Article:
About five seconds after the $700 billion financial bailout passed, politicians asked about saving automakers, too.
And then there were the “underwater” mortgage-holders. And really, would it be fair to let Circuit City die?
The “Where does it stop?” roulette is complicated when it comes to our important domestic auto industry – but not that complicated.
For years, the Big Three automakers have known this day would come. For years, they rushed shoddy-quality cars to dealerships, trading away brand value for immediate cash.
They eventually resolved quality problems but repeated the same pattern of grasping the quick cash fix with SUV gas guzzlers and putting off development of increasingly popular hybrids.
They also entered into insanely pricey labor contracts loaded with future costs (like pensions) that would have to be paid eventually.
Well, the day of reckoning is now here, and the U.S. taxpayer is in a pickle.
I realize that the ripple effect a Big Three failure would cause further pain for our economy – and would personally hurt many close friends in my husband’s hometown near Flint, Mich.
However, I’m appalled that the Democratic leadership and President-elect Barack Obama are even considering extending the financial-sector bailout to carmakers.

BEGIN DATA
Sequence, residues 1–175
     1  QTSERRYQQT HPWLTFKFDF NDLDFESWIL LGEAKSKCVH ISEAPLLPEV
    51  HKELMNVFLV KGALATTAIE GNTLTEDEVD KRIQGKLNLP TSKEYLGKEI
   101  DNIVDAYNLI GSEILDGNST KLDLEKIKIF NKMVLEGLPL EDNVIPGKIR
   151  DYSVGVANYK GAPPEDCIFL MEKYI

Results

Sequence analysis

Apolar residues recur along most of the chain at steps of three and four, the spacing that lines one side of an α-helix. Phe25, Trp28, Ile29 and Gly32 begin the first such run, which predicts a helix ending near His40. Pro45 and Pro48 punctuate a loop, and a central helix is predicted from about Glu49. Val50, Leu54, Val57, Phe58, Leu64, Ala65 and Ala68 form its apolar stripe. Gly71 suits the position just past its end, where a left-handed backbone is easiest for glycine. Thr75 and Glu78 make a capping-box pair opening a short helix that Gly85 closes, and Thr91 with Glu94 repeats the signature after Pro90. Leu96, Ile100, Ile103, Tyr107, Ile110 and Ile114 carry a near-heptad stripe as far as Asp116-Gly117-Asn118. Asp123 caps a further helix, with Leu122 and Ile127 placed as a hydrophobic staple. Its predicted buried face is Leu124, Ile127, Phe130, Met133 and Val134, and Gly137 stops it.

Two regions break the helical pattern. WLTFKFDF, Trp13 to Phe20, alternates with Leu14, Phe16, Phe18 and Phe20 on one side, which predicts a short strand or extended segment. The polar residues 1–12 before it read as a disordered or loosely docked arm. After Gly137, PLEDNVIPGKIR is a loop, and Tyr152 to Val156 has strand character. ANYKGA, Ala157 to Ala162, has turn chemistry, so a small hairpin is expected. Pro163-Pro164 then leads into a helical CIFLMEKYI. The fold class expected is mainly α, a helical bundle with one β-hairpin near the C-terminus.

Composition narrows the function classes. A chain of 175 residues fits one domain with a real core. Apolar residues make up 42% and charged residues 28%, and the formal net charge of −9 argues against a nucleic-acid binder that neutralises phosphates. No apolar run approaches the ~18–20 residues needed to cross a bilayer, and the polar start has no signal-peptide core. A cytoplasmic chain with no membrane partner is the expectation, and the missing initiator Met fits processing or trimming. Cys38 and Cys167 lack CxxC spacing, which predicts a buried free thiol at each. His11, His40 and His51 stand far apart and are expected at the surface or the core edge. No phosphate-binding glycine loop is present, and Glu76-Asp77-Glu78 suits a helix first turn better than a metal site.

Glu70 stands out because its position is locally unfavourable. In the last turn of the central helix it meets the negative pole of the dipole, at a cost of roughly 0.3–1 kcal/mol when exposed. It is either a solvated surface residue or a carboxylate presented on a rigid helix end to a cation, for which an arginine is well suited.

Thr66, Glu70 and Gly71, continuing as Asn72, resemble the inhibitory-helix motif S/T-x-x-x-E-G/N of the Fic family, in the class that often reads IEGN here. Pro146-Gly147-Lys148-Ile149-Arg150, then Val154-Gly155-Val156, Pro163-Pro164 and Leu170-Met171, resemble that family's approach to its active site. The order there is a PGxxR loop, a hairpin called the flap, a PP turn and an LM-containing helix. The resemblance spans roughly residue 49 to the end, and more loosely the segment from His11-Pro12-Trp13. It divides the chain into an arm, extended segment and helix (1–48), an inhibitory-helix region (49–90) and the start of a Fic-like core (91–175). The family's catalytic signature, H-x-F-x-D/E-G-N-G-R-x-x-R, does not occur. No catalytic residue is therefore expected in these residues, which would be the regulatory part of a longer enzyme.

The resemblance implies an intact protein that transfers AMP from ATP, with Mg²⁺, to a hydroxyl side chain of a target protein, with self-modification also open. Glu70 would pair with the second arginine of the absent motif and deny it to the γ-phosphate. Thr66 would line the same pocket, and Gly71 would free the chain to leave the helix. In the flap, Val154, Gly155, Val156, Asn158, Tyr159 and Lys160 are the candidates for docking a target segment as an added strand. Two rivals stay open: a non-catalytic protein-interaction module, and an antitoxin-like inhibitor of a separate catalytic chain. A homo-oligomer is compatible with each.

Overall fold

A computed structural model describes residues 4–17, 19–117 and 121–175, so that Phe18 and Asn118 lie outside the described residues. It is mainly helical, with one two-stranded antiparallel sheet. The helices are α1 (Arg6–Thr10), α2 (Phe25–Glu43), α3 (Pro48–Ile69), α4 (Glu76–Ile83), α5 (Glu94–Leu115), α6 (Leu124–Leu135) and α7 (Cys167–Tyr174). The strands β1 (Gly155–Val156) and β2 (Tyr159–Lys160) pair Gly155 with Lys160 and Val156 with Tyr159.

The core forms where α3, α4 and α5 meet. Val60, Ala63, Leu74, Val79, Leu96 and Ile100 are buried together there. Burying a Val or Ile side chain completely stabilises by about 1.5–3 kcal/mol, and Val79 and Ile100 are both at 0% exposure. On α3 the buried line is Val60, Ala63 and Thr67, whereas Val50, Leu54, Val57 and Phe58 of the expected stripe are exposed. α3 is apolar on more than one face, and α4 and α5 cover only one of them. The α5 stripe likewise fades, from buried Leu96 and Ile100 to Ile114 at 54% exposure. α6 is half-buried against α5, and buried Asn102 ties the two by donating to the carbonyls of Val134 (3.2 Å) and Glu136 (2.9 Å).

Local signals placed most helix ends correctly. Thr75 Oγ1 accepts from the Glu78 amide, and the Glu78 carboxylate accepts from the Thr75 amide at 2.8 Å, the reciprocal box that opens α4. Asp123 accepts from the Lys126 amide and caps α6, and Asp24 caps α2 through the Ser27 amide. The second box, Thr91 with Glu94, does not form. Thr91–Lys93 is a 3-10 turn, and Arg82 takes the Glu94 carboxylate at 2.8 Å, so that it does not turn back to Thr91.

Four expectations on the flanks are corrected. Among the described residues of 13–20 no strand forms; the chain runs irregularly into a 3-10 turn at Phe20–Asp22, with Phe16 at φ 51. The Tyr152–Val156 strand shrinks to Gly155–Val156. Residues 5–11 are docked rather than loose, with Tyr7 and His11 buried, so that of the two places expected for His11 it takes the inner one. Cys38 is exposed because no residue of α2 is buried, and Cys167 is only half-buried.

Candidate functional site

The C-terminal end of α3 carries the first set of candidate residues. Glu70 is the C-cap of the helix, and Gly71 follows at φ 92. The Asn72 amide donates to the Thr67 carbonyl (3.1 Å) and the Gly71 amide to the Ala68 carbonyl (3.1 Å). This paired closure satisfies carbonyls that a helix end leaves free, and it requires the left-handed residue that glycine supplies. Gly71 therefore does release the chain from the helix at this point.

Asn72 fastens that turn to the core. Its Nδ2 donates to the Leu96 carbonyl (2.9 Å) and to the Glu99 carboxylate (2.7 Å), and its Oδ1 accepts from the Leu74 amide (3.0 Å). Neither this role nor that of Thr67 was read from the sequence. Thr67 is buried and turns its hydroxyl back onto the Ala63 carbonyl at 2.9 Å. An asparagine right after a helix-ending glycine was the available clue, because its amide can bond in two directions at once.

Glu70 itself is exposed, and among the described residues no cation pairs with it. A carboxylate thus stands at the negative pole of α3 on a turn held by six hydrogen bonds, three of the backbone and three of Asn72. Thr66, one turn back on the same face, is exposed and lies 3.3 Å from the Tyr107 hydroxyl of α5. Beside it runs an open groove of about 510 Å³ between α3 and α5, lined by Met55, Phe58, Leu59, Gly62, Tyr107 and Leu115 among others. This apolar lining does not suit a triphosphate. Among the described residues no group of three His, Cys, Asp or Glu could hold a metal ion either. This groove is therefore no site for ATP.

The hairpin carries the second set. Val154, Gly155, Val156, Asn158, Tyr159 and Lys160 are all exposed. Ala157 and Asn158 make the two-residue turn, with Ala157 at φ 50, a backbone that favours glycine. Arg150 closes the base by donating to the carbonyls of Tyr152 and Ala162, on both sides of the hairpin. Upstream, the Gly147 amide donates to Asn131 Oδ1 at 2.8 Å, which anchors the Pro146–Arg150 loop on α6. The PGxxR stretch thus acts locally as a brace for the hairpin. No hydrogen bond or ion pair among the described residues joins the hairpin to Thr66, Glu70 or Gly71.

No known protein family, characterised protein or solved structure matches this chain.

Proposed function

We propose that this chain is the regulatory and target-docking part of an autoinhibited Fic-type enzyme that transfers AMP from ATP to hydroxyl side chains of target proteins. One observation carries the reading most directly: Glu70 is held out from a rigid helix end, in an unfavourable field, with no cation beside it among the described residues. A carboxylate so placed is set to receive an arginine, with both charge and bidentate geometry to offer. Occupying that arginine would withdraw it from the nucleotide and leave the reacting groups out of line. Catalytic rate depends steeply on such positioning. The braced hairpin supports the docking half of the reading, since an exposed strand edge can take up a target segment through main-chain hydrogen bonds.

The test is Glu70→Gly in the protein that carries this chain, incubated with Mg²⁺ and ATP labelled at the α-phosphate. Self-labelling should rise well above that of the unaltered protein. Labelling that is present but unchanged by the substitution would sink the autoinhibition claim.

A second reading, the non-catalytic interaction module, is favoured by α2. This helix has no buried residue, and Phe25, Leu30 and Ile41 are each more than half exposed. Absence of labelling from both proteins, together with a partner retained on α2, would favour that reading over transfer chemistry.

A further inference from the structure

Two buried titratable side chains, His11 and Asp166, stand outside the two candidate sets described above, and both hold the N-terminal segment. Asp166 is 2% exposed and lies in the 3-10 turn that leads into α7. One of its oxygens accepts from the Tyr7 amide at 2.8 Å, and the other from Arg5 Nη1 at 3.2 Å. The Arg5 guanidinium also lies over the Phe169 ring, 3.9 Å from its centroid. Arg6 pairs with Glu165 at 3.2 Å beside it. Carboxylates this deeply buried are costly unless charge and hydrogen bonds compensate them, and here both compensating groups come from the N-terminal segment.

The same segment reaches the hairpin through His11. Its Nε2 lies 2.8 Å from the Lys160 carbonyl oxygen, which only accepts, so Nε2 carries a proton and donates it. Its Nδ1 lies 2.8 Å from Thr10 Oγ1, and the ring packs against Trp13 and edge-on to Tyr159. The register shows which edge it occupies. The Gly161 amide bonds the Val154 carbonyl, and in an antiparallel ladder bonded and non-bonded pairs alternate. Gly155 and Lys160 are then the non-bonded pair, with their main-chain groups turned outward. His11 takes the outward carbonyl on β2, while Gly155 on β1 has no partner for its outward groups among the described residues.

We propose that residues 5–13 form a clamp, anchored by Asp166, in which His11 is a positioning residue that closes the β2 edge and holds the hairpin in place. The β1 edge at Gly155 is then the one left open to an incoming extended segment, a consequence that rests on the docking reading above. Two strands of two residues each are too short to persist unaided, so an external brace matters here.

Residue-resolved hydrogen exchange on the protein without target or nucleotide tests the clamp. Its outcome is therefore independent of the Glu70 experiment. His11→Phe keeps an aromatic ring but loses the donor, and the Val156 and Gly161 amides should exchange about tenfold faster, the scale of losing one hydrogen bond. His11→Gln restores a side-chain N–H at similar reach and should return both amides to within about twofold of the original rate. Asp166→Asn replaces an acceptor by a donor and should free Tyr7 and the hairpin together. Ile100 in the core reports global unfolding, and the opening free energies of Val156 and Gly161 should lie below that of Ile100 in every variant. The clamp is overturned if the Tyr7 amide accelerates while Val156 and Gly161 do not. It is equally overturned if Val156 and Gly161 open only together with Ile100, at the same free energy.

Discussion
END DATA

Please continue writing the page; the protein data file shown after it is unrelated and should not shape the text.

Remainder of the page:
It would be one thing to try to help the industry retool, manage a painful process of drastic expense reduction and become competitive. That would be reasonable if still anti-free market.
But most current proposals would simply bail out automakers that are dying due to inability to meet demand, as well as excess capacity and unsustainable expenses.
In 2005, for example, GM produced three times as many cars as Toyota in North America – but had five times the number of production workers. GM had 77 plants (all unionized) to Toyota’s 12 (only three of which were unionized).
As Russ Roberts, professor of economics at George Mason University, put it in an interview:
“Historically, many companies are driven by bad decisions. If GM dies, it will be painful, but it may die anyway. And with a bailout, it will die with my money.
“Let the resources and energy and creativity flow into companies that can actually do something with them.”